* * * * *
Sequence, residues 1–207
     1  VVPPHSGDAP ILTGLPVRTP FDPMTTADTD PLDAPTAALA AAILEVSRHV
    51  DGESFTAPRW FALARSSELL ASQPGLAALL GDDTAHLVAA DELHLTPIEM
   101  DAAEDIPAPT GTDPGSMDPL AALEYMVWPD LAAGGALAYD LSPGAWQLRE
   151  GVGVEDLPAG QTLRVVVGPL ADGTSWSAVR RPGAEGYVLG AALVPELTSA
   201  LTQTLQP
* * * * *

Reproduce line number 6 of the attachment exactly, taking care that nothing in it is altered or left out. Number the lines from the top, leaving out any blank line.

   201  LTQTLQP